One of the most interesting aspects of Dark Edson Tiger is the fact that it took nine months to write the songs, and only twice were Key and Rizzo actually standing in the same room in the same city. The songwriting process was a tape-trading venture -- Rizzo's parts were recorded in Chicago by Dutch Harbor's Braden King, and Key did her parts in New York with longtime musical partner and husband Tim Harris. The two times the duo united for recording sessions, they were accompanied by Harris, Yo La Tengo's Georgia Hubley, and Run On's Rick Brown and Katie Gentile.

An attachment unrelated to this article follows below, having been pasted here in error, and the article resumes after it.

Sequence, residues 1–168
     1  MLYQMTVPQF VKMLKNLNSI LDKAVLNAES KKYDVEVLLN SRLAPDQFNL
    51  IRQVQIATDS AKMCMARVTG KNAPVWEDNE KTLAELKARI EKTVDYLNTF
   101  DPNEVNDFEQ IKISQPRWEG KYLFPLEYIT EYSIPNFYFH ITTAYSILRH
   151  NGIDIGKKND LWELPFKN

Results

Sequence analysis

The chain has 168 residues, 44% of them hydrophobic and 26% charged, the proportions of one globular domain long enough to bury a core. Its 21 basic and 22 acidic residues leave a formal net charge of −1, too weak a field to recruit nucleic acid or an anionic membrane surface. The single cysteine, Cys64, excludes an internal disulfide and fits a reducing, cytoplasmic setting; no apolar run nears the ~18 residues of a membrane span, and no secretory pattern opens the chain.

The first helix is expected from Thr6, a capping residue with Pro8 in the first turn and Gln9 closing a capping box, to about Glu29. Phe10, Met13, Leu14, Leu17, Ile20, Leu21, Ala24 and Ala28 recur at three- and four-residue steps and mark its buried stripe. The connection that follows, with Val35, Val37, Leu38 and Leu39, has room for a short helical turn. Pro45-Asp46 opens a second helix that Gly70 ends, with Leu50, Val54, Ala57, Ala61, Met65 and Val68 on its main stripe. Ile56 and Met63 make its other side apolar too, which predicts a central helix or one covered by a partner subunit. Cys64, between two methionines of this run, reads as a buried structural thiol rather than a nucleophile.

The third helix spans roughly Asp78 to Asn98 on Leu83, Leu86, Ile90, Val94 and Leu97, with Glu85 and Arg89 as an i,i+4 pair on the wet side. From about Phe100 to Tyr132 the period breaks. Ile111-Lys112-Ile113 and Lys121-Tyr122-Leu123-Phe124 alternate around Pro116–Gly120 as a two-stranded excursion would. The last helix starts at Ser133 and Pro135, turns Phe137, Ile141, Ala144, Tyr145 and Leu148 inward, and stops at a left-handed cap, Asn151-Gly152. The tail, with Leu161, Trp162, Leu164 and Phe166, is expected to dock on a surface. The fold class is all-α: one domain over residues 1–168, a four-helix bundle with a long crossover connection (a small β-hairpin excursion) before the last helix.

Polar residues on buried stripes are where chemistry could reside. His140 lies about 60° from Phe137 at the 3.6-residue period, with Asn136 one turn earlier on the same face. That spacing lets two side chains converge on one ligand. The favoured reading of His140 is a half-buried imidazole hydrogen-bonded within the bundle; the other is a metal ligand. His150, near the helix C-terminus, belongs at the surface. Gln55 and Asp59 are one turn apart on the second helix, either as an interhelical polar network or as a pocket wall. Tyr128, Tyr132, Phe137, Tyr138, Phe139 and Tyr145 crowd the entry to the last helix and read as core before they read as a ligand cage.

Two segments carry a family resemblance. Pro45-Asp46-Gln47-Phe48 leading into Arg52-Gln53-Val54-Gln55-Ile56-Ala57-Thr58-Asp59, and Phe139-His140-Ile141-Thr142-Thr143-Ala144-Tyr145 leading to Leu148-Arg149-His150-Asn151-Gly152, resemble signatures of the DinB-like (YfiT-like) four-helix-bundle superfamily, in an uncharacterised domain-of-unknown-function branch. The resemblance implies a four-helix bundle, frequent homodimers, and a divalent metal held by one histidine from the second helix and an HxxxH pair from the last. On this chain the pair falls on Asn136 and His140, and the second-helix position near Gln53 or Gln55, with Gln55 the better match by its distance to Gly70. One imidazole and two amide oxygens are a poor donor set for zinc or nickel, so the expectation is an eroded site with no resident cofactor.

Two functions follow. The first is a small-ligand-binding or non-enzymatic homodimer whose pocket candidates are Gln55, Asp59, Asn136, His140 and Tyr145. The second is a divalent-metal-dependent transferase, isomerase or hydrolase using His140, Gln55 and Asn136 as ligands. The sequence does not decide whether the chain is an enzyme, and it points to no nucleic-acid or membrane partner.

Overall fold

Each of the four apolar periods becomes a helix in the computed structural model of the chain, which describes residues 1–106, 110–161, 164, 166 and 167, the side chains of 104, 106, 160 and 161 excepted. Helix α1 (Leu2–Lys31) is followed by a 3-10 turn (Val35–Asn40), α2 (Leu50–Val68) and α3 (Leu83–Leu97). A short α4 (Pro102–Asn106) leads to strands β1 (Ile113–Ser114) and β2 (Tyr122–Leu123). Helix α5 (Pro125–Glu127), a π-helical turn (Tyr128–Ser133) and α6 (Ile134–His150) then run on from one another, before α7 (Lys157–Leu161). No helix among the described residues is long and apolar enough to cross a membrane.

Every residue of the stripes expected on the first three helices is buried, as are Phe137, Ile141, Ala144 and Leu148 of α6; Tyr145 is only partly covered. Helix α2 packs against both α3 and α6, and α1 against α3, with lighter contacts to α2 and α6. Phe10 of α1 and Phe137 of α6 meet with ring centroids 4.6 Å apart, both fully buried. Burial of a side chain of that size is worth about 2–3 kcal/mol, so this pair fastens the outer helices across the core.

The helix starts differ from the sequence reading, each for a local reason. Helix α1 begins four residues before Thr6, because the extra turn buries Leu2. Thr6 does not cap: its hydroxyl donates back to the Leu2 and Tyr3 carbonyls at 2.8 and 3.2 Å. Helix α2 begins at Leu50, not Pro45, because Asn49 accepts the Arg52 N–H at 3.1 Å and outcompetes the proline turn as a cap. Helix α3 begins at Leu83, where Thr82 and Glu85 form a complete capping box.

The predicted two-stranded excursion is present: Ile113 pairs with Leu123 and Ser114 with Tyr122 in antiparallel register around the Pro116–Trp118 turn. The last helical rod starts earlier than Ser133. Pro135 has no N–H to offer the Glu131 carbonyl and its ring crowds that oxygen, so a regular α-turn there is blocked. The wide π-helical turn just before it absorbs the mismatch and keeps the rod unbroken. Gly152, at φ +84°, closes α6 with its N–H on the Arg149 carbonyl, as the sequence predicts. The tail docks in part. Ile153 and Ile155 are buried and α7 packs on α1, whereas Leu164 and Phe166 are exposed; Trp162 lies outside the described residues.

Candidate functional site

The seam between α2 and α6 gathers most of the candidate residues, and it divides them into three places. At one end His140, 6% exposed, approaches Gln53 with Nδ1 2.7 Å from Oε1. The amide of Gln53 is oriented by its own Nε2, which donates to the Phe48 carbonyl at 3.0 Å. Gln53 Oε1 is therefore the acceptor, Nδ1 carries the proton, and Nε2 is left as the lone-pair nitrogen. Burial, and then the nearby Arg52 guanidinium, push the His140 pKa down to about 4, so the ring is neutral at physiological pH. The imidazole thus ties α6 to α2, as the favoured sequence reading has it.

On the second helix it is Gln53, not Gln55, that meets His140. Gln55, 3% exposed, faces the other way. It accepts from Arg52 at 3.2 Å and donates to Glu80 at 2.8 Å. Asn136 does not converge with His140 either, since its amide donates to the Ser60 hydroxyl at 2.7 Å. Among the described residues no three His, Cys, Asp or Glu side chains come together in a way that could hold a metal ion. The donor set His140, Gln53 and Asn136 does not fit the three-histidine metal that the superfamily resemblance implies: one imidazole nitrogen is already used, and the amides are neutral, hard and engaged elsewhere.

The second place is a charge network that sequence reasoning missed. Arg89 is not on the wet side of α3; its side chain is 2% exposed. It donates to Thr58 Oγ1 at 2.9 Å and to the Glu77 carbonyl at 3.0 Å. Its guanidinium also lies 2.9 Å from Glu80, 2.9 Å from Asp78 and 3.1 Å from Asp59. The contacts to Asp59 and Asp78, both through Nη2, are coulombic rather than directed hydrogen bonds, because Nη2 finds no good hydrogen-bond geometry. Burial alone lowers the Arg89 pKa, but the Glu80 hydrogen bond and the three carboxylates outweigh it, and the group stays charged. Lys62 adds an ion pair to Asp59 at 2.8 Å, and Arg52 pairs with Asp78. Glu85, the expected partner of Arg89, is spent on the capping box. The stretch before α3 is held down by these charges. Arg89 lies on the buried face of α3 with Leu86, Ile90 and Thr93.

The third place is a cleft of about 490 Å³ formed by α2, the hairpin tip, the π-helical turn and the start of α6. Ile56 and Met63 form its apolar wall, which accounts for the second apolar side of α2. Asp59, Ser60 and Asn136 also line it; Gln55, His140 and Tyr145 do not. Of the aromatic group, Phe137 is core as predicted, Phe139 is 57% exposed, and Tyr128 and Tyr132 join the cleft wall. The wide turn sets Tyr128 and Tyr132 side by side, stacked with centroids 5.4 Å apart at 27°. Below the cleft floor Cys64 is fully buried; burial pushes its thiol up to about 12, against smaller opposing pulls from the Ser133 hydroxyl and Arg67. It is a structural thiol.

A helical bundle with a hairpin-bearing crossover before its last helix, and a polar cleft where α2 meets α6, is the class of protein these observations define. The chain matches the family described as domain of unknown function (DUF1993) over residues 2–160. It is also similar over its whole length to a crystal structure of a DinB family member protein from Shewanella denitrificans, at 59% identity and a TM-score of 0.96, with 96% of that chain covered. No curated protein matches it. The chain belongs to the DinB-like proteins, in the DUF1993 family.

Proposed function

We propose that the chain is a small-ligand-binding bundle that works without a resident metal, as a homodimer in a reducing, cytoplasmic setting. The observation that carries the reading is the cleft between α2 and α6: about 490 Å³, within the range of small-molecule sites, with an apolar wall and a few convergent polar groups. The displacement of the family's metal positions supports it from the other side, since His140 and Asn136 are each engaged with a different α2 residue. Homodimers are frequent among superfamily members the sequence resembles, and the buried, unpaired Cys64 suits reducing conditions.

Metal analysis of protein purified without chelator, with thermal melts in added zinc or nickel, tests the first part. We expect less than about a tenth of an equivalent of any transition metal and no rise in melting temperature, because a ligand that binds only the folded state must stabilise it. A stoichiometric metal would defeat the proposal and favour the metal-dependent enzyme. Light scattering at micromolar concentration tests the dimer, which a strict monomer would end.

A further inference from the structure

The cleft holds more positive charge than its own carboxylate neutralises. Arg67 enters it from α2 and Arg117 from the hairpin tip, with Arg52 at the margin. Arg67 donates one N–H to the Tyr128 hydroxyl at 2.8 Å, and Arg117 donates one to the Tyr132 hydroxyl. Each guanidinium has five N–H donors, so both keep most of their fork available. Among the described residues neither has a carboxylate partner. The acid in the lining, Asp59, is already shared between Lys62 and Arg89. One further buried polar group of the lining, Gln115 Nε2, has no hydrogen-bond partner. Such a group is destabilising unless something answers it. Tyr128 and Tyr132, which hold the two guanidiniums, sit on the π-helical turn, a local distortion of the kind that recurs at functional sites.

Although Key is known as an edgy-guitar cock-rocker, the majority of the songs on this record fit into the non-rock section. Dark Edson Tiger is mysterious, slow, and serious. All the songs are highly developed -- a few of them even round out to seven-plus minutes. Rizzo directs timeless, ethereal soundscapes by weaving and looping together guitar, strings, bass, piano, and percussion. The album opener, "Good Evening Mr. Peckinpah," sounds more likely to have been recorded by a small orchestra than a medium-sized band. Their educations in early punk served Rizzo and Key well when it came to making flawless feedback on tracks such as "8 Bells." The one and only rocker is "Low Post Movement in D," a standout guitar head-nodder. -- Amy Schroeder